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Blog posts January 2009

Energy Update, January 23, 2009

January 23, 2009
In the States
KS – The controversy over a $3.5 billion coal-fired power plant proposed by Sunflower Electric power is expected to continue into this legislative year.  Last year, the Governor vetoed bills that would have reversed a state agency’s decision to deny the plant’s construction permits due to the environmental hazards it would create.  The legislature is expected to pass more bills that would allow the plant to be built while Sunflower is expected to file lawsuits and seek a reversal in federal courts.  Energy policy will be hot topicTopeka Capital-Journal
NV – A controversial proposal for a power plant has the support of Governor Jim Gibbons.  The Bureau of Land Management has approved of the plan; the only regulation holding up construction is a study on carbon dioxide emissions required by the US EPA.  Several groups including the Sierra Club and the Center for Biological Diversity have asked the Interior Department’s Board of Land Appeals to reject the BLM’s approval in an attempt to keep the plant from being built.  Tug-of-war intensifies over proposed coal-fired plantsLas Vegas Review-Journal
OR – Environmental groups and utility companies are both expected to seek Governor Ted Kulongoski’s support this year.  Although the Governor favored reducing greenhouse gasses and promoting alternative energy, the faltering economy could shift concerns to cost effectiveness and lessen the impact of such plans.  Regarding energy policy, the Governor’s chief of staff for energy said that “the governor is not going to approve a proposal that's going to damage the Oregon economy.”  Can Oregon’s climate change plan survive a down economy?The Oregonian
TX – A new wind farm just south of Corpus Christi has begun to generate power.  Within a month, as many as 80,000 homes could be powered by the electricity generated on the 400-foot-tall turbines.  In response to concerns about protection of birds when migrating, a new system will stop the turbine blades when the arrival of migratory birds is detected by radar.  Energy farm along coast starting to harvest windSan Antonio Express News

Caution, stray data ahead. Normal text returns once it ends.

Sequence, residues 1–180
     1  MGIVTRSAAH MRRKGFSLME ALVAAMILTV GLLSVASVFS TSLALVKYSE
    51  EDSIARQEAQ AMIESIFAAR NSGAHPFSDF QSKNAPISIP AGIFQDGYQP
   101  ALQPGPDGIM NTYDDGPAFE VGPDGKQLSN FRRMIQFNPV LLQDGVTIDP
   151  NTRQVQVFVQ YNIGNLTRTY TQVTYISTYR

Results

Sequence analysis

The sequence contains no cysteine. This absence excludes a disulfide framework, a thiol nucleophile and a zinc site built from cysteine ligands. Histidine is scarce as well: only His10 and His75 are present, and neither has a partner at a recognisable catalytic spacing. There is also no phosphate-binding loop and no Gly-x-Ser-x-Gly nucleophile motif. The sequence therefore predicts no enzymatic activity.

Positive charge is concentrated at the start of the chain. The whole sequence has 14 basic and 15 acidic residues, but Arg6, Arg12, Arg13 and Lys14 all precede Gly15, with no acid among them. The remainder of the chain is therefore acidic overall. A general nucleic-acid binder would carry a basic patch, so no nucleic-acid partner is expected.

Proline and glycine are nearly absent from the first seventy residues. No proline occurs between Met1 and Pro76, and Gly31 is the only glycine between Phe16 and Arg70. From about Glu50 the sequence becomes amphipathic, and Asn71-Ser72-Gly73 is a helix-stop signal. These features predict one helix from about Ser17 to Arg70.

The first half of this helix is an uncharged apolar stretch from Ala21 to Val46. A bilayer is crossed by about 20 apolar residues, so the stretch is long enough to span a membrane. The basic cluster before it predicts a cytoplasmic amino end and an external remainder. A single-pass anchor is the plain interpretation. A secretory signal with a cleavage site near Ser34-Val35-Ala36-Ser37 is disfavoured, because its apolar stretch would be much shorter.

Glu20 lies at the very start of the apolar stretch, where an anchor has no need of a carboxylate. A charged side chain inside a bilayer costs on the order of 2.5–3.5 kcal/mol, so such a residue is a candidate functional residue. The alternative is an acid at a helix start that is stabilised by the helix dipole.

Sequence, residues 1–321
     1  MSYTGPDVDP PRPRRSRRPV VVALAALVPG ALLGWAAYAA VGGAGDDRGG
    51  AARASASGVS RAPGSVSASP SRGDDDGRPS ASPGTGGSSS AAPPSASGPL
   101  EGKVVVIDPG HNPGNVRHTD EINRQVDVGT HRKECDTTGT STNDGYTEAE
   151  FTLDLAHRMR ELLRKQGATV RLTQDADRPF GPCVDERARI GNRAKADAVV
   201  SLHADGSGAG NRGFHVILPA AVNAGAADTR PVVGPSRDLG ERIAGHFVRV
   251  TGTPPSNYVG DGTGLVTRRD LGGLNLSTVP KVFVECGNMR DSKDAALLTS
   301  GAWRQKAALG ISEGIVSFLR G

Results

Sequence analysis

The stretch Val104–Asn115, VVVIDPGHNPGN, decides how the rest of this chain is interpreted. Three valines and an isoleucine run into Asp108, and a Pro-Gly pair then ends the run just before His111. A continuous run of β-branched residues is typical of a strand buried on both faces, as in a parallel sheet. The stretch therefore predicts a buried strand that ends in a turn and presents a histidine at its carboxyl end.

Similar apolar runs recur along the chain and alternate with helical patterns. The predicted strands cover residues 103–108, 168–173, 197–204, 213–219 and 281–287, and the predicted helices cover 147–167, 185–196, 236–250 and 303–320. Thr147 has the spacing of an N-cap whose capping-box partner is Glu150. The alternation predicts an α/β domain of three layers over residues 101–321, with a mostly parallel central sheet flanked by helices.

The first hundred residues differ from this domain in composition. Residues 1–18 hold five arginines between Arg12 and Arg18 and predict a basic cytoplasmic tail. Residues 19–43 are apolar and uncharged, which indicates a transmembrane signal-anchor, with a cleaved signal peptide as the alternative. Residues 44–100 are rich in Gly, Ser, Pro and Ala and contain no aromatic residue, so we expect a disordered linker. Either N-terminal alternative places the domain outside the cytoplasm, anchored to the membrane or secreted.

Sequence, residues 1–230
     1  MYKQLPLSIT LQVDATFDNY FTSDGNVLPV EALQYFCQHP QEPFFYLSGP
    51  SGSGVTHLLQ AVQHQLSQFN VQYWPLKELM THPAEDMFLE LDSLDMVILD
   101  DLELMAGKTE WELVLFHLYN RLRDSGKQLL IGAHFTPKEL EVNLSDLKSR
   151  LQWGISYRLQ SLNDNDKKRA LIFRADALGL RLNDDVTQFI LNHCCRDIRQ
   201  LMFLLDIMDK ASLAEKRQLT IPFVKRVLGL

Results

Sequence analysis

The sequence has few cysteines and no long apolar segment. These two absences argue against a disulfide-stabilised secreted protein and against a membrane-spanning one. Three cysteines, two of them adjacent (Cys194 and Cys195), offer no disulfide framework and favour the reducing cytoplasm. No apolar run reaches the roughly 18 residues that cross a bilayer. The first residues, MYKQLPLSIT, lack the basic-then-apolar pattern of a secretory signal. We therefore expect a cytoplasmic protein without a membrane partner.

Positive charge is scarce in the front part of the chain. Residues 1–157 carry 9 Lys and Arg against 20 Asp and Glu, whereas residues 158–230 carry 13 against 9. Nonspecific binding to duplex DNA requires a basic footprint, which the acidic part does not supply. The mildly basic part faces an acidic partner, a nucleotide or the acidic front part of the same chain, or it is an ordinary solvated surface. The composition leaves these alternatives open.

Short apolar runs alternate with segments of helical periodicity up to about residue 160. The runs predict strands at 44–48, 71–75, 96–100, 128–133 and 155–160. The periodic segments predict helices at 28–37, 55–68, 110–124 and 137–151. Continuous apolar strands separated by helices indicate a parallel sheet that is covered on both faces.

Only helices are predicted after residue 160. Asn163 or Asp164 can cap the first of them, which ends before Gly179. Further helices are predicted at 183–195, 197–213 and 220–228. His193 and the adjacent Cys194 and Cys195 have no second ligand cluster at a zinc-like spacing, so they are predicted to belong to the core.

UT – Governor Jon Huntsman’s plan to save the state $3 million by switching most of the executive branch to a four-day work-week is not expected to pan out.  Several factors, including the state’s inability to close as many of its buildings as originally hoped, have decreased the efficacy of the plan.  The $3 million figure is now described as a target to be reached in the future.  Utah’s 4-day work week falls short of savings goal - MSNBC
VA – A coalition of environmental groups is suing the state because the group was not allowed to offer an alternative to a new power plant to the State Corporation Commission.  The group, Wise Energy for Virginia, opposes a new power plant under consideration and proposes spending the same amount of money that would be spent building the plant on energy efficiency.  A study commissioned by the group claims that a new plant would not need to be constructed, jobs would be created, less pollution would be emitted, and the utility company would ultimately save money.  Environmental group promotes energy efficiencyChatham Star-Tribune
WV – Steady demand for coal and other factors have lowered prices, causing a slump in the state’s coal industry.  Though the industry is not as bad off as the financial or retail markets, hundreds of coal workers in the state have been laid off.  Layoffs signal trouble for state coal industryCharleston Daily Mail

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